Several important court decisions and regulatory changes affecting medical issues around the workplace have recently been announced.
Under a new federal regulation, employers may request permission to deactivate airbags for employees for medical reasons. Conditions such as scoliosis (curvature of the spine), which make it difficult for the person to maintain a safe distance from the airbag, are covered. Information, authorization forms, and the text of the regulation can be found at the National Highway Traffic Safety Administration web site or by calling.
Americans with Disabilities Act
The EEOC has filed suit against two employers in Texas who use pre-employment or pre-placement back x-rays to screen prospective employees. Individuals with abnormal x-rays, but not apparent limitations, were denied employment, which the EEOC charges is discrimination based on a perceived or potential disability.
“In the course of, and rising out of”
The courts recently upheld an Industrial Commission finding that an employee injured while wrestling a vending machine was not entitled to workers’ compensation. The employee placed money in a drink machine, which did not produce the desired soda. In an attempt to right this wrong, the man rocked the machine, causing it to tip over on him and breaking his leg. The worker argued that the injury was compensable, and further asserted that the employer should have repaired the machine so that the injury would not have happened. The court ruled that the injury did not meet the test of arising out of his employment. Carrick v. Riser Foods, Inc. (1996)A New Jersey case (Money v. Coin Depot Corp, 1997) dealt with an armed truck security guard who carried a gun as part of his job. Playing “Russian Roulette” over the protests of his co-workers, he shot himself in the head and was killed. His family applied for benefits, contending that the death arose in the course of his employment. A compensation judge agreed with the family and awarded benefits on the basis that the requirement that the man carry a gun made the accident compensable. The decision overturned on appeal where it was held that his personal behavior was “totally unrelated to the risks inherent in the normal conduct of the employer’s business.”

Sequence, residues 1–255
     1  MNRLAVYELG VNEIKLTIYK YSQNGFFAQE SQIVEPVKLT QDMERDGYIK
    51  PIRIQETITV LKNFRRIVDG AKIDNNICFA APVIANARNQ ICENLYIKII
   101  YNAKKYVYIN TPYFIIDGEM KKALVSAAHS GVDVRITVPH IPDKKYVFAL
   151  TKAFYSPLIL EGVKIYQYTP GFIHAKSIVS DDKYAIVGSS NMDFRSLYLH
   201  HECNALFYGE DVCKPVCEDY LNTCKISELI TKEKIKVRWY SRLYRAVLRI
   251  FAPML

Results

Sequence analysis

Alcohol and Employment
An employer permitted an alcoholic employee to return to work based upon a mutual agreement under which the employee would submit to urine alcohol testing. A positive test for alcohol would be grounds for dismissal. After a positive test and termination, the employee charged the employer with discriminating against him as an alcoholic. The ADA does protect alcoholism as a disability. The Court however, ruled that the discharge was not based on the man’s disability (alcoholism), but on his violation prior agreement regarding abstention from alcohol. Mararri v. WCI Steel, Inc. (1997) The importance of obtaining objective proof of intoxication was demonstrated in another New Jersey case. An employee alleged consumed a half-gallon of vodka the night before work, and two beers during his morning break. He subsequently fell 18 feet to the ground. Although an expert witness estimated that his blood alcohol level would have been 0.29%, one of his co-workers stated that he had “looked and acted normally”. The court held the employer did not prove that his intoxication was the sole cause of the accident because the employee alleged that a hazardous work condition also existed. The employer also lacked evidence to refute the appearance that the man was not intoxicated. This is frequently true in the case of chronic alcohol abusers. Breath alcohol test or a fitness for duty exam may be required to demonstrate intoxication. Warner v. Vanco Manufacturing, Inc. (1997).
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